Shehdeh Burkan, 36, is a resident of Azariyeh, a West Bank suburb of Jerusalem on the old Jericho Road. Burkan’s family is originally from Jerusalem, and he says he acquired Israeli citizenship to protect himself.

“I smelled trouble,” Burkan said. “The Interior Ministry hunted down Jerusalemites who could not prove that Jerusalem was their so-called ‘center of life.’ I did not want to find myself deprived of all social benefits. So I applied for citizenship.”

For years, Burkan has worked in the western part of Jerusalem in a small construction firm with a Jewish partner. Burkan used to get up early in the morning, pass through the army checkpoint on the old Jericho road and join his partner.

But that routine ended about six months ago when the army erected a barrier separating Azariyeh from the eastern Jerusalem neighborhood of Abu Dis, the hometown of P.A. Prime Minister Ahmed Qurei.

Since then, Burkan has had to travel to Jerusalem in a roundabout way: He drives east toward the Jewish West Bank city of Ma’ale Adumim, then heads back west after passing through an army checkpoint.

After the fence is built, Burkan fears it will take him much longer to get through the checkpoint.

So Burkan came up with a solution: He bought a small two-bedroom apartment in a Jewish neighborhood of Jerusalem, East Talpiot. He hasn’t moved in yet, and in fact hopes he won’t have to use the apartment.

He’s also worried about being surrounded by Jewish neighbors.

“Frankly, I don’t know how it will work out, how they will treat me,” Burkan said. “But if I want to live, I may have no choice.”

His three children will not live with him in East Talpiot. In case he has to be absent from his West Bank home, Burkan already has arranged for his children to be driven by someone else to their Arab school in eastern Jerusalem.

“I’m not alone,” Burkan said. “I know at least five of my friends who also have purchased apartments in Jewish neighborhoods, and I know of others who plan on doing the same.”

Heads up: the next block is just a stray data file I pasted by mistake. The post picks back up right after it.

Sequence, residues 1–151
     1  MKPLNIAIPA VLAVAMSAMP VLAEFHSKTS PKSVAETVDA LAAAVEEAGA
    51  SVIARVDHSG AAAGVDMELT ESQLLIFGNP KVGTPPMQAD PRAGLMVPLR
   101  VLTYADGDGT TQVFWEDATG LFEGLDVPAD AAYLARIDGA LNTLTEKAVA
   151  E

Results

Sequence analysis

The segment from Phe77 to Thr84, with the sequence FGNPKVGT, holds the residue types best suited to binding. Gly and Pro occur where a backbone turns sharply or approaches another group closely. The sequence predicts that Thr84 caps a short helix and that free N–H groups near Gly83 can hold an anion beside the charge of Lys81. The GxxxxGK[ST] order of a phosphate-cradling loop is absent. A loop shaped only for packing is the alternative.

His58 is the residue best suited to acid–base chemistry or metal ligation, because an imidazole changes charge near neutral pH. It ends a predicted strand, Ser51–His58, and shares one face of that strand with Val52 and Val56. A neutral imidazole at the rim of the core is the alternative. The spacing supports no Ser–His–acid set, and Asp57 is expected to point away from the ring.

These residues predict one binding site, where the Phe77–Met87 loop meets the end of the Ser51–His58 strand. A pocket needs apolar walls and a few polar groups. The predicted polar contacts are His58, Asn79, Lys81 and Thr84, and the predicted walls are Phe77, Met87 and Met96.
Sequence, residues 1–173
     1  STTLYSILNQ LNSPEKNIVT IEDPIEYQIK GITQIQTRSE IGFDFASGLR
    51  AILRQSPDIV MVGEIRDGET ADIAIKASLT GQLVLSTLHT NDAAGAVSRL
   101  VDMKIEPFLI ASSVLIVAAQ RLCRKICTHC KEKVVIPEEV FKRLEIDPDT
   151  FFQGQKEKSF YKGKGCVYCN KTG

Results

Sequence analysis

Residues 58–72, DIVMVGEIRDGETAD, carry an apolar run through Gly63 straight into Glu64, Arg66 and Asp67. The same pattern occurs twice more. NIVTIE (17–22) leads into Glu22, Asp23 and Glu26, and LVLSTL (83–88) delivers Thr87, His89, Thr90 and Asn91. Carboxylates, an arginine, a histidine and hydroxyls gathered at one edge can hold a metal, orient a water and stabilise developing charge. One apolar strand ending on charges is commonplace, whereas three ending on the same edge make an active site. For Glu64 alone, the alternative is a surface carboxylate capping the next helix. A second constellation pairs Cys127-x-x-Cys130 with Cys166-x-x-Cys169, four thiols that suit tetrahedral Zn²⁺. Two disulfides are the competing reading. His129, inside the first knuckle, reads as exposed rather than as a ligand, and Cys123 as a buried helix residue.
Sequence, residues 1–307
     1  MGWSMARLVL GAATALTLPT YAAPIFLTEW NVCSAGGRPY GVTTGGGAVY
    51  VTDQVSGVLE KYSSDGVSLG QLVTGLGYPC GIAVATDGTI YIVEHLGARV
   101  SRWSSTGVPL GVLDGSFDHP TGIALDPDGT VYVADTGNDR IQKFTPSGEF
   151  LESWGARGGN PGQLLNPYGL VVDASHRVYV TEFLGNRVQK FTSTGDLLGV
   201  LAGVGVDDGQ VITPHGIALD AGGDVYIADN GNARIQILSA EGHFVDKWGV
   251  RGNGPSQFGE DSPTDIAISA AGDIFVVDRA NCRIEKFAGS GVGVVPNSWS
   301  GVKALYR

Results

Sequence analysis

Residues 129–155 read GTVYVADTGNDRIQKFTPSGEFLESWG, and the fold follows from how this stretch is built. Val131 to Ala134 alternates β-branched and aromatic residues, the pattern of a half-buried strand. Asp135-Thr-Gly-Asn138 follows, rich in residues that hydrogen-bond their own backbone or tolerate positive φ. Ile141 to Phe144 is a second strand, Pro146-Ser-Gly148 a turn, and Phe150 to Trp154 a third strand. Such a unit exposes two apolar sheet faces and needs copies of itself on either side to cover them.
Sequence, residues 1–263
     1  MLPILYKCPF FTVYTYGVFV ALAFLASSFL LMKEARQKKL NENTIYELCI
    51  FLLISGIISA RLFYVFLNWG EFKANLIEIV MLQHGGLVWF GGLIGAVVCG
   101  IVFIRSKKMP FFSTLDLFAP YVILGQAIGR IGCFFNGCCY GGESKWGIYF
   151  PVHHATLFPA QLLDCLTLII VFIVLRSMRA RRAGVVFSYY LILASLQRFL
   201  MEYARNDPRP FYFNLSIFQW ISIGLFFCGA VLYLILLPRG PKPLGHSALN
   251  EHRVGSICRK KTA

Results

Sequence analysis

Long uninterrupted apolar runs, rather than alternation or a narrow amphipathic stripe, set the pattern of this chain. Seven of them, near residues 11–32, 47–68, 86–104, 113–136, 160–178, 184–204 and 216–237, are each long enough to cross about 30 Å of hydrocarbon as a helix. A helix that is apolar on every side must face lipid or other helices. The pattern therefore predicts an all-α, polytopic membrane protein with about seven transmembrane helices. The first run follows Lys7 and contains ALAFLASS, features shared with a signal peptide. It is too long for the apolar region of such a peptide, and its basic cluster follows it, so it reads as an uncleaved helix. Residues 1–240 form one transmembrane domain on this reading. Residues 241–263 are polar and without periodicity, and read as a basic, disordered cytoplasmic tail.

Shalom Goldstein, the Arab affairs adviser for Jerusalem’s mayor, Uri Lupoliansky, confirmed that there has been a sharp increase in the number of Arabs moving to Jerusalem from the West Bank in recent years.

At one time, he said, “the Ministry of Interior ruled that anyone who could not prove that Jerusalem was his ‘center of life’ in the past seven years would lose his Israeli residency. As a result, some 30,000 Jerusalemites who have lived in the West Bank for their convenience moved back to Jerusalem.”

Jerusalem’s walled Old City has become even more crowded.

The Old City now has more than 33,000 Arab residents, up from 23,000 in 1967, and the average size of an apartment in the Old City’s Muslim Quarter is considerably smaller than in western Jerusalem.

But many Arabs have chosen to move back to crowded Jerusalem rather than give up their Jerusalem residency status altogether.

The irony is that a policy seeking to limit the number of Arabs in the capital by imposing more stringent requirements for permanent-residency status has led Arabs to move into the city.

The phenomenon has intensified with the imminent completion of the city’s security fence.

“I have no doubt that more and more neighborhoods will become mixed neighborhoods — and I am not sure that there will be more security,” Tibi said. “Forget about the security fence in Jerusalem altogether. It will do no good.”

But Israeli Prime Minister Ariel Sharon, under heavy public pressure to complete the security fence as fast as possible, is unlikely to make more than minor alterations to the plan.

The Jerusalem fence will be erected, and Israelis will pay the bill. But it is the Palestinians, whose terrorism gave birth to the fence, who will bear the burden.